On Wednesday, They Hate Change released a video for a new single, “Faux Leather.” The four-and-a-half-minute clip—filmed at downtown Tampa’s Wtrcooler Studio—is the follow up to the rap duo’s Godmode Music release 666 Central Ave., which brought international attention to the band after previous independent outings on imprints like Deathbomb Arc.
“Faux Leather” lovingly lambasts luxury brands and industry plants, and it’s also a tip of the cap to some of They Hate Change’s hundreds of influences, particularly the most ambient and out-of-the-box ideas of composers Brian Eno and Pete Namlook. It’s the kind of song the band’s members—Andre and Vonne—have been searching for since they did a six-hour house party DJ set for friends in 2016, and it’s the tune that will formally introduce They Hate Change to its biggest audience ever when “Faux Leather” becomes release No. 411 for Jagjaguwar, the revered indie label that’s been home to Bon Iver, Dinosaur Jr.,Okkervil River, Unknown Mortal Orchestra, Black Mountain, Sharon Van Etten plus dozens of others.
In the song’s coda, Vonne and Dre also skewer DSPs and poke at rappers who don’t read their contracts and end up as broke as their fans—an important sentiment to consider in the context of a signing that arrived on the same day They Hate Change was announced as direct support on a five-week U.S. tour headlined by U.K. post-punk band Shame.
“Rappers are as broke as their fans, because they're signing deals with these labels that are not willing to spend time… even at 100 million streams, which makes you one of the biggest artists out, you’re still getting half of nothing because you signed [a bad deal],” Vonne told Creative Loafing Tampa over drinks at University of Tampa haunt the Retreat. Vonne, together with their bandmate and decade-long best friend Andre, have courted offers from other labels, including majors, but Jagjaguwar made more sense than anything else.
“We care about the catalog,” Andre added, alluding to how Jagjaguwar grows its artists instead of looking for a quick payday. The label’s only expectation of the duo is to keep making music with no timetables or complicated contracts to worry about.
What stood out about the band’s music to Eric Deines—the A&R rep who signed They Hate Change—were the touchstones of Bangs & Works Chicago footwork compilations on the Planet Mu label. Deines considers Vol. 1 of that B&W comp a seminal collection from the last two decades, and he heard it immediately in They Hate Change. He also picked up on the unbridled happiness which They Hate Change has cultivated over the last few years playing DIY house and garage shows across Tampa Bay. “I’ve called it ‘joy with teeth’ a few times. It’s a rare thing—and highly contagious,” Deines added.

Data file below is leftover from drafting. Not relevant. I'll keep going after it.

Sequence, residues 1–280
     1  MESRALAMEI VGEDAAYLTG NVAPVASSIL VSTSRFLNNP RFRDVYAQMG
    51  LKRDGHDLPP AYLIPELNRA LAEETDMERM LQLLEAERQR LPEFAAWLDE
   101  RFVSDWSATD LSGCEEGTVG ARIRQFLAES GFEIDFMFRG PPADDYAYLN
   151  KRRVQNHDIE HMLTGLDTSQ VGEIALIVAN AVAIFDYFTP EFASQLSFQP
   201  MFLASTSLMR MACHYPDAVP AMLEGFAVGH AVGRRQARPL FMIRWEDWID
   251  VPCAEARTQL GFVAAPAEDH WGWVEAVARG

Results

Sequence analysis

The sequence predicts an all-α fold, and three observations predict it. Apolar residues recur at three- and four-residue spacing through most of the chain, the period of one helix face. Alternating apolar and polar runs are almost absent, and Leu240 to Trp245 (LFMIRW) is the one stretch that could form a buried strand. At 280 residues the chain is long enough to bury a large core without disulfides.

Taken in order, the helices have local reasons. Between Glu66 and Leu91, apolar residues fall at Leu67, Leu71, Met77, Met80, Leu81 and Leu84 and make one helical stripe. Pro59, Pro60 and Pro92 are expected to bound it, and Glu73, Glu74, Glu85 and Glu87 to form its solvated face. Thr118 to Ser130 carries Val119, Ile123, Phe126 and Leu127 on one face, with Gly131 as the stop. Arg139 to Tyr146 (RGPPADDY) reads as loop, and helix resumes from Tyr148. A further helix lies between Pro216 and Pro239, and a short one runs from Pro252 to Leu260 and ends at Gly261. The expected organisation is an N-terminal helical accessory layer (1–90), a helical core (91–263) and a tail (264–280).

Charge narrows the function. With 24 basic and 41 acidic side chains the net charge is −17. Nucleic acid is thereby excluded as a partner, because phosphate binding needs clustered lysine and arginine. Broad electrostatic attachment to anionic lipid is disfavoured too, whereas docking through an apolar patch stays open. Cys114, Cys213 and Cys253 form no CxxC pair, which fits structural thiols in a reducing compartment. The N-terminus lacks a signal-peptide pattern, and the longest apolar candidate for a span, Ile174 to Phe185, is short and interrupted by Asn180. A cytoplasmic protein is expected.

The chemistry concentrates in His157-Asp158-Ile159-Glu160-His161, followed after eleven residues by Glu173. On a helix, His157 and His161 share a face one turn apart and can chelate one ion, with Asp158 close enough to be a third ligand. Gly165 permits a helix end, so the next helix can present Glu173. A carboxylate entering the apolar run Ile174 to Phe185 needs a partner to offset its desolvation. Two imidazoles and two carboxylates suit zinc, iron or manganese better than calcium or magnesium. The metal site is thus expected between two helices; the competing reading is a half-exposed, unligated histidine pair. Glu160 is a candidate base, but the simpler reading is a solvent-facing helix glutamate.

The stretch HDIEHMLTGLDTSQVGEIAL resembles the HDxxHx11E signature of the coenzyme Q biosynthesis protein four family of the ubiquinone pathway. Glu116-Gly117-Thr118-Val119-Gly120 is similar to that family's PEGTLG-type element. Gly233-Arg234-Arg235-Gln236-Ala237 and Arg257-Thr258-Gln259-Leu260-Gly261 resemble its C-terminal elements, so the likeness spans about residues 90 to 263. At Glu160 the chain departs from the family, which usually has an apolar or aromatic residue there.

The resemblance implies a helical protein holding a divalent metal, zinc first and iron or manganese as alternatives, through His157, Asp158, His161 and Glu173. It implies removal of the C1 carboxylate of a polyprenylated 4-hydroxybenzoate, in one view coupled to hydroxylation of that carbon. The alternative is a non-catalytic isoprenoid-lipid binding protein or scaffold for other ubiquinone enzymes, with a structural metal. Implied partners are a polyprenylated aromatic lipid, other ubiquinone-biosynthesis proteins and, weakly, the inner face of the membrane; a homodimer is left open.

That exuberance was on full display during Jagjaguwar’s initial Zoom calls with They Hate Change, when the topic of obscure and essential chillwave pioneer Small Black came up. Deines was talking about Jamila Woods—a singer and poet who brought rappers Noname and Saba to her Jagjaguwar releases—but then he mentioned how the label also released Small Black’s 2010 debut, New Chain. Vonne and Andre were both just 16 years old when that record came out, but they later discovered Small Black and even owned signed copies of the album. “We howled,” Deines said.
“We’re just fans and junkies for that music in general,” Andre added. It’s also a near certainty that They Hate Change will pick up fans during the run with Shame which travels from Seattle, down the West Coast and across the southern border before looping back up through the Midwest and Eastern Seaboard before wrapping in New Orleans.
Vonne and Andre won’t say exactly what else is up their sleeve for Jagjaguwar in 2022, only divulging that they’ve arrived at the sound They Hate Change has been barrelling towards for the last five years.
Deines rightfully points out that the duo has “been in the game for a bit longer than meets the eye,” but until “Faux Leather,” Andre and Vonne had been in their bedroom studio—surrounded by their Rhodes, Akai samplers (S2800, CD3000xl), Korgs (MS-20, R3), Ableton rig, Moog and floppy disks—dissecting Roland 707 and 909 beats and weaving the sounds of footwork, grime and ambient music into nine releases under the They Hate Change banner. Indie influences, together with other homestate flavors (Jam Pony Express, Buck Sosa, Gitt Fai) and their deep love for crank, jungle, downbeat even the Balearic textures of Ibiza’s lounge scene were also part of a search for a sound that led them to 666 Central Ave., which is a bridge to the next chapter for the duo. And you don’t have to be a record store nerd to connect.
“Our music is at once for the heads, and it’s for everybody,” Vonne said, reiterating that, “Everyone can get it, and the heads can really get it.”
And if you’re from Tampa Bay, you ought to get behind it before the rest of the world catches up.
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